Last edited by SajjadAhmad on 09 Sep 2019, 05:24, edited 4 times in total.
Updated - Complete topic (485).
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Re: White tigers are neither a species nor a subspecies, but appear as  [#permalink]

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New post 14 Nov 2018, 07:05
5
vasuca10 wrote:
Hi dave13 Please explain Q4 why not the answer is Option E?



vasuca10 hi there :)


the first para of the passage BRIEFLY: many zoos deliberately and indiscriminately bred white tigers. this practice raised concern that doing so will endanger the tigers` surving skills in the wilde jungle :) BUT zoo managers claim that it is is not true by providing evidence - and this evidence is that they caught adult tigers in the wild - which means that tigers surving skills were not impared by deliberate and indiscriminate breeding. Hence highlighted potion provides evidence counter to an argument against the breeding of white tigers.



E is not correct, because they are NOT suggesting, BUT they are providing E V I D E N C E :)




'White tigers are neither a species nor a subspecies, but appear as a result of a recessive trait that rarely occurs in the wild. In the 1950s many zoos deliberately and indiscriminately bred white tigers, but more recently, concerns about the desirability of preserving a trait that presumably hinders tigers` to survive in the wild, and recognition that inbreeding could lead to genetic defects, have caused most zoos to such practices. However, some zoo managers argue that the popularity of white tigers provides income important to the survival of zoo sponsored scientific and conservation programs. They also point out that most of the white tigers captured in the wild were adults, proving that their coloration does not hinder their survival ability."


let me know if it helps or not :)

cheers
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Re: White tigers are neither a species nor a subspecies, but appear as  [#permalink]

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New post 14 Nov 2018, 05:07
Hi dave13 Please explain Q4 why not the answer is Option E?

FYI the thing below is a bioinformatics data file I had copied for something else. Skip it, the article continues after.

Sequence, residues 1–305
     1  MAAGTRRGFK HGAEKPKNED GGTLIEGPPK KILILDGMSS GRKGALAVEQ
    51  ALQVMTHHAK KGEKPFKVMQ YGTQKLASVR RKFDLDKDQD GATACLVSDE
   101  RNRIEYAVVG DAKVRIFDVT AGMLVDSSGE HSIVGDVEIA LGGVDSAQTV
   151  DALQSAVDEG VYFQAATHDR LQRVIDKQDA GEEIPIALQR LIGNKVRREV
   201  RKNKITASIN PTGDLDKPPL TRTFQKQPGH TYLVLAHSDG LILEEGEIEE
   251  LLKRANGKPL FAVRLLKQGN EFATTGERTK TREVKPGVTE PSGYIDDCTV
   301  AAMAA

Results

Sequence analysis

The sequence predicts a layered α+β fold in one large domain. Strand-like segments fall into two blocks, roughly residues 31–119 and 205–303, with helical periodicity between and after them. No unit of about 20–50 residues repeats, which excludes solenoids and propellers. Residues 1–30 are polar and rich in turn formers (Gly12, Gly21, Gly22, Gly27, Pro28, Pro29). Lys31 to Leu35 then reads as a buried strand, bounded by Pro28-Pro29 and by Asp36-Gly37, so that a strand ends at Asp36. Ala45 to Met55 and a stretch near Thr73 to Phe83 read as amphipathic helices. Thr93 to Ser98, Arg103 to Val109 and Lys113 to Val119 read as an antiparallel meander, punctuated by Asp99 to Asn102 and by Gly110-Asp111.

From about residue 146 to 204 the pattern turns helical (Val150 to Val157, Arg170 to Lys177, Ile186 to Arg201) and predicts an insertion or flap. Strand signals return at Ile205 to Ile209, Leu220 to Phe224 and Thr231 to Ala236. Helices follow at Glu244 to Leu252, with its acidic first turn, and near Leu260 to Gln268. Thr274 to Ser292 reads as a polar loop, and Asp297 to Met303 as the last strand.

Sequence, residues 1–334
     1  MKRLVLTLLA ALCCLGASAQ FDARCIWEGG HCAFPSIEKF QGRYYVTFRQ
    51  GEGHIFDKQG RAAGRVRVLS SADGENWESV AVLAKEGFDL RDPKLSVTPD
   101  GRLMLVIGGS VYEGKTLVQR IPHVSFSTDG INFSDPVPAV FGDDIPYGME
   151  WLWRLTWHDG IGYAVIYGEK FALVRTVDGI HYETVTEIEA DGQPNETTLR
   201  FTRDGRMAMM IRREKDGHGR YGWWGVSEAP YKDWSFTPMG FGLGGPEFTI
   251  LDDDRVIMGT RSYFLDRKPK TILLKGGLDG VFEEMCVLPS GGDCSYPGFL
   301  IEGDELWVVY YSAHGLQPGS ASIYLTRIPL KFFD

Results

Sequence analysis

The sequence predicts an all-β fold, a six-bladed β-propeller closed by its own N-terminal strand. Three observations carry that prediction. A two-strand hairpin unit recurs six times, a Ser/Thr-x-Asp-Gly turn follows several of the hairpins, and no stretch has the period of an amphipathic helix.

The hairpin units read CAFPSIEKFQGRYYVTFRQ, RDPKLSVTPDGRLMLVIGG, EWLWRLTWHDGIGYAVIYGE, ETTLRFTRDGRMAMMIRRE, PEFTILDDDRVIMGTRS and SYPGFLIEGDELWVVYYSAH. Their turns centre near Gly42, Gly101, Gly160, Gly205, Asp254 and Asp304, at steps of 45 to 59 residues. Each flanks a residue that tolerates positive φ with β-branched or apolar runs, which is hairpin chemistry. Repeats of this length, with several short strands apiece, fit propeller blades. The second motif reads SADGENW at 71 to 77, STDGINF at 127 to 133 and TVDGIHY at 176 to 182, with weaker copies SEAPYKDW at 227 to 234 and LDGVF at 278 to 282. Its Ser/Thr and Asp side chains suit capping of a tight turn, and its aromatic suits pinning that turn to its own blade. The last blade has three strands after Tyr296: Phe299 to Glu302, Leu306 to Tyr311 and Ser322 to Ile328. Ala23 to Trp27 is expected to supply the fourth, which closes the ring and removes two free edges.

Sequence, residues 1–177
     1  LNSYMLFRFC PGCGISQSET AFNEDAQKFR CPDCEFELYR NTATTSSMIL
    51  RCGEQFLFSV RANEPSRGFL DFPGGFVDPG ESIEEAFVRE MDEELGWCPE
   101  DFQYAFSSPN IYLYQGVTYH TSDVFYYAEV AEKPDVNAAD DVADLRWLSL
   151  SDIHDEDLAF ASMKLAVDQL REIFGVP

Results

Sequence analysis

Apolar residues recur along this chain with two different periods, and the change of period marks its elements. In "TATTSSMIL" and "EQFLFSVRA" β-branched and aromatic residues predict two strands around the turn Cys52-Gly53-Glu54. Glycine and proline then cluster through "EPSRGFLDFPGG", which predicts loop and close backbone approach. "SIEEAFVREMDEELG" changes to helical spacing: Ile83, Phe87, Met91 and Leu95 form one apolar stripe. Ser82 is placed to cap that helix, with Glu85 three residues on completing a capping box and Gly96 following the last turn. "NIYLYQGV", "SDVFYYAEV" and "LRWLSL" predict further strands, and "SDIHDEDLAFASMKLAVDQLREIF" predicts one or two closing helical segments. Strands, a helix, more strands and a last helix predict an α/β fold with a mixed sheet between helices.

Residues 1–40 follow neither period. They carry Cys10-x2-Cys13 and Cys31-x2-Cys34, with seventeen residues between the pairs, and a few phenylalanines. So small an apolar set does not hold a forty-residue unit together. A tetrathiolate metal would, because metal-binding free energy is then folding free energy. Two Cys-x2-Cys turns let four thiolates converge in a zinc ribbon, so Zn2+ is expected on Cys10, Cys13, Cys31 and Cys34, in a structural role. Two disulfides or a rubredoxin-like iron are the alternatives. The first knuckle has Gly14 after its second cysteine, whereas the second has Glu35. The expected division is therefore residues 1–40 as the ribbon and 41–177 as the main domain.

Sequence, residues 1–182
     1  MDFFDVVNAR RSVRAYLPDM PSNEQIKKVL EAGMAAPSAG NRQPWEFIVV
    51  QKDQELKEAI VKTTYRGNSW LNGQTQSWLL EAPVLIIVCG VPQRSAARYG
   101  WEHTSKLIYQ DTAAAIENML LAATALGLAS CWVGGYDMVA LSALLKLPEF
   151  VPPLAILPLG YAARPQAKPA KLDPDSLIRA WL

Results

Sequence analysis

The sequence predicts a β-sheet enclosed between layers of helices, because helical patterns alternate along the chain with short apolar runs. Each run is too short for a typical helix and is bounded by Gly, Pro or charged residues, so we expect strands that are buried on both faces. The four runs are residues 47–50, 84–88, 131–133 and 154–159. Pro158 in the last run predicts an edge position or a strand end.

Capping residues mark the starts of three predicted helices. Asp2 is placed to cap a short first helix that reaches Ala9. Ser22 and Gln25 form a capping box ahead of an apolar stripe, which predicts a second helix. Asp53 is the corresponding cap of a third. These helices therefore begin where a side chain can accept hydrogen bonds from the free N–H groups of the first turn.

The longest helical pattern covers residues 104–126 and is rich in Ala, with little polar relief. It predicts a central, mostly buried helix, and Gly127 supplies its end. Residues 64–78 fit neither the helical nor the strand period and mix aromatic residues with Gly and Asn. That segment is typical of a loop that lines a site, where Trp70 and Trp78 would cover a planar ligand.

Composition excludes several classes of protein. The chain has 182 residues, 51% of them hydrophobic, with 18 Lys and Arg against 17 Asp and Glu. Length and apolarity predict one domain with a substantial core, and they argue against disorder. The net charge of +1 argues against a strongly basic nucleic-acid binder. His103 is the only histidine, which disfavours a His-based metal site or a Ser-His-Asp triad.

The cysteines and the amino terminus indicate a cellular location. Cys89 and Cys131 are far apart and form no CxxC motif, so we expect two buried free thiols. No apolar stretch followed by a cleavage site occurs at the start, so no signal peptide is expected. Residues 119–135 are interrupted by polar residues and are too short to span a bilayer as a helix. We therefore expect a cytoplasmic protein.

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Re: White tigers are neither a species nor a subspecies, but appear as  [#permalink]

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New post 14 Nov 2018, 10:15
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vasuca10

SOLVING BY LOGIC

Quote:
Q4 Which of the following best describes the function of the last sentence in the first paragraph of the passage (see highlighted text)?

A To emphasize the importance of white tigers as source of zoo income
B To point out the advantages to white tigers of living in the wild
C To provide evidence counter to an argument against the breeding of white tigers
D To suggest that white tigers living in the wild are less to face extinction than tigers fiving in zoos
E To suggest that white tigers are not endangered


Quote:
In the 1950s many zoos deliberately and indiscriminately bred white tigers,

Zoos deliberately bred white tigers earlier (no reason is given for older times) BUT now they breed because of 2 reasons:
1. concerns about the desirability of preserving a trait that presumably hinders tigers` to survive in the wild -- according to the zoo officials "being white" causes the tigers to NOT survive in the wild
2. recognition that inbreeding could lead to genetic defects -- interbreeding could cause genetic defects so they want to confine them

Quote:
However,

Remember that the 'Tone' is changing.

Quote:
some zoo managers argue that